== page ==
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[chaps, shaps]
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noun (used with a plural verb)
  1. a pair of joined leather leggings, often widely flared, worn over trousers, especially by cowboys, as protection against burs, rope burns, etc., while on horseback.

Origin of chaps

1810–20, Americanism; short for chaparajos
Also called chaparajos, chaparejos.


verb (used with object), chapped, chap·ping.
  1. to crack, roughen, and redden (the skin): The windy, cold weather chapped her lips.
  2. to cause (the ground, wood, etc.) to split, crack, or open in clefts: The summer heat and drought chapped the riverbank.
verb (used without object), chapped, chap·ping.
  1. to become chapped.
  1. a fissure or crack, especially in the skin.
  2. Scot. a knock; rap.

Origin of chap1

1275–1325; Middle English chappen; cognate with Dutch kappen to cut; akin to chip1
Related formsun·chapped, adjective


  1. Chiefly British Informal: Older Use. a fellow; man or boy.
  2. Chiefly Midland and Southern U.S. a baby or young child.
  3. British Dialect. a customer.

Origin of chap2

First recorded in 1570–80; short for chapman


[chop, chap]
  1. chop3.

Origin of chap3

1325–75; Middle English; perhaps special use of chap1
Dictionary.com Unabridged Based on the Random House Unabridged Dictionary, © Random House, Inc. 2018

Examples from the Web for chaps

Contemporary Examples

Historical Examples

  • One of our chaps, taking in a load of wounded, was chased and pelted the other day.

    Ballads of a Bohemian

    Robert W. Service

  • They were both just back from India, and natty-lookin' chaps as you ever saw.

    The Underdog

    F. Hopkinson Smith

  • I'll turn one of my chaps on to writing half a dozen letters to the Editor about it!

    The Foolish Lovers

    St. John G. Ervine

  • We told these chaps we were deserters from the Bulwark, 74, and begged them to help us along.

    Ned Myers

    James Fenimore Cooper

  • These chaps seemed to value a man by the enormity and number of his crimes.

    Ned Myers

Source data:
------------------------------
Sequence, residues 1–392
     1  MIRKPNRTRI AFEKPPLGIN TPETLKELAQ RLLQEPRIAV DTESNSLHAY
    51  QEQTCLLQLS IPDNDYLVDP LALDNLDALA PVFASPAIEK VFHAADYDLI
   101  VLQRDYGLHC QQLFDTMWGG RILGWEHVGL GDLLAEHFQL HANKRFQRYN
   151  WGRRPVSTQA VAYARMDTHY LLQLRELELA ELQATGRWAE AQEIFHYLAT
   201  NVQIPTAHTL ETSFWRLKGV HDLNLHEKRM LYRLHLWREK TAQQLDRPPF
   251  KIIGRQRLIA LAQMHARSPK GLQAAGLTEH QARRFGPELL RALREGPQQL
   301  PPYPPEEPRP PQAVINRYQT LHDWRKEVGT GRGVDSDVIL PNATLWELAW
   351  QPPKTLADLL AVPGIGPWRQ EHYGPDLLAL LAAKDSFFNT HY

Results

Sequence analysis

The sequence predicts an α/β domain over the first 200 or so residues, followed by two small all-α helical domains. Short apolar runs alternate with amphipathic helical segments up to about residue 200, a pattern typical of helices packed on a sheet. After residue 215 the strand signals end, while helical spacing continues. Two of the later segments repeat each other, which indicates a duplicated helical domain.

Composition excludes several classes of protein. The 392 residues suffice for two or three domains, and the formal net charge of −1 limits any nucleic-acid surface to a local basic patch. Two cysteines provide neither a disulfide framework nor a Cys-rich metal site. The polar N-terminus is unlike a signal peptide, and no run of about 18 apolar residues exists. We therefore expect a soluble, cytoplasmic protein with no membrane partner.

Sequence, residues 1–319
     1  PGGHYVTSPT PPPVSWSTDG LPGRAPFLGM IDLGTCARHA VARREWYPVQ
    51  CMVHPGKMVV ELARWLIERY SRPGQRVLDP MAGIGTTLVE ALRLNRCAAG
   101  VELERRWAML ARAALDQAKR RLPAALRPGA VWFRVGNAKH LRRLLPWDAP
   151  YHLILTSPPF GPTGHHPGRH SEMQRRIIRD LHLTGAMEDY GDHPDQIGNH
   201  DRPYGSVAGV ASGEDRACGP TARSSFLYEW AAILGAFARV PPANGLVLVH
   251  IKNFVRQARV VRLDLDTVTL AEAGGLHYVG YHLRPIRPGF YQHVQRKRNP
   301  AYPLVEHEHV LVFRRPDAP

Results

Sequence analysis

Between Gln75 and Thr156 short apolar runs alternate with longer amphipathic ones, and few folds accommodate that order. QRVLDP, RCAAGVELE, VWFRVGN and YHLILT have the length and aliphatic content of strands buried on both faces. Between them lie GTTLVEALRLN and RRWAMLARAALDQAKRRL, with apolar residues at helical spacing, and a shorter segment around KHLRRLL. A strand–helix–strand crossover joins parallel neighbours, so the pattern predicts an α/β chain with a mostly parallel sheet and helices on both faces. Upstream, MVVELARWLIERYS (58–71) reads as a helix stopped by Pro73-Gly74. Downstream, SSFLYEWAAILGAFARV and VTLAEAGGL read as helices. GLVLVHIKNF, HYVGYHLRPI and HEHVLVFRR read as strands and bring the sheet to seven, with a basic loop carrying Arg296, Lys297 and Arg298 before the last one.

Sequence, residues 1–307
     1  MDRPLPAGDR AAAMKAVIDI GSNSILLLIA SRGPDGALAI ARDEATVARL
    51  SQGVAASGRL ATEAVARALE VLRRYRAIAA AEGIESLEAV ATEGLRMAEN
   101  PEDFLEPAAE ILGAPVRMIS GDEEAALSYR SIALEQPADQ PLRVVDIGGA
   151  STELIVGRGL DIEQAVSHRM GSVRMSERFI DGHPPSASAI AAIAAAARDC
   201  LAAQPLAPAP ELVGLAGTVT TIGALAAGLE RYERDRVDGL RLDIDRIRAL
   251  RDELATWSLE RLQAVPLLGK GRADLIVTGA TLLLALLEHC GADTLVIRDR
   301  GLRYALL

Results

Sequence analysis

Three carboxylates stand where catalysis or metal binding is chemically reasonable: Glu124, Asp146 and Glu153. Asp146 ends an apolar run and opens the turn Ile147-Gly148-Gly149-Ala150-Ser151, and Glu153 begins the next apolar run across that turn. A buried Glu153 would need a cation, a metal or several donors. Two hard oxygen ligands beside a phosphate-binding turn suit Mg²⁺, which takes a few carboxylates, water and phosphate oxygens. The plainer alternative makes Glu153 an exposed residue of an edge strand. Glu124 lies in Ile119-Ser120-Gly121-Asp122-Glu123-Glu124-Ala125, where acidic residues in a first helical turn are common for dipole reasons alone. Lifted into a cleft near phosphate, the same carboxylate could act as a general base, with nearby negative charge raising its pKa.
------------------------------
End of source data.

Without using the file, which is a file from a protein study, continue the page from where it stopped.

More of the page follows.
James Fenimore Cooper

British Dictionary definitions for chaps


pl n
  1. leather overalls without a seat, worn by cowboysAlso called: chaparejos, chaparajos

Word Origin

C19: shortened from chaparejos


verb chaps, chapping or chapped
  1. (of the skin) to make or become raw and cracked, esp by exposure to cold
  2. Scot (of a clock) to strike (the hour)
  3. Scot to knock (at a door, window, etc)
  1. (usually plural) a cracked or sore patch on the skin caused by chapping
  2. Scot a knock

Word Origin

C14: probably of Germanic origin; compare Middle Dutch, German kappen to chop off


  1. informal a man or boy; fellow

Word Origin

C16 (in the sense: buyer): shortened from chapman


  1. a less common word for chop 3
Collins English Dictionary - Complete & Unabridged 2012 Digital Edition © William Collins Sons & Co. Ltd. 1979, 1986 © HarperCollins Publishers 1998, 2000, 2003, 2005, 2006, 2007, 2009, 2012

Word Origin and History for chaps


1844, American English, short for chaparejos, from Mexican Spanish chaparreras, overalls worn to protect from chaparro (see chaparral).


"jaws, cheeks," from chap (n.), 1550s, of unknown origin. Hence, chap-fallen (1590s).



1570s, "customer," short for obsolete chapman "purchaser, trader" (see cheap). Colloquial sense of "lad, fellow" is first attested 1716 (cf. slang tough customer).



"to crack," mid-15c., chappen (intransitive) "to split, burst open;" "cause to crack" (transitive); perhaps a variant of choppen (see chop (v.), and cf. strap/strop), or related to Middle Dutch kappen "to chop, cut," Danish kappe, Swedish kappa "to cut." Related: Chapped; chapping. The noun meaning "fissure in the skin" is from late 14c.

Online Etymology Dictionary, © 2010 Douglas Harper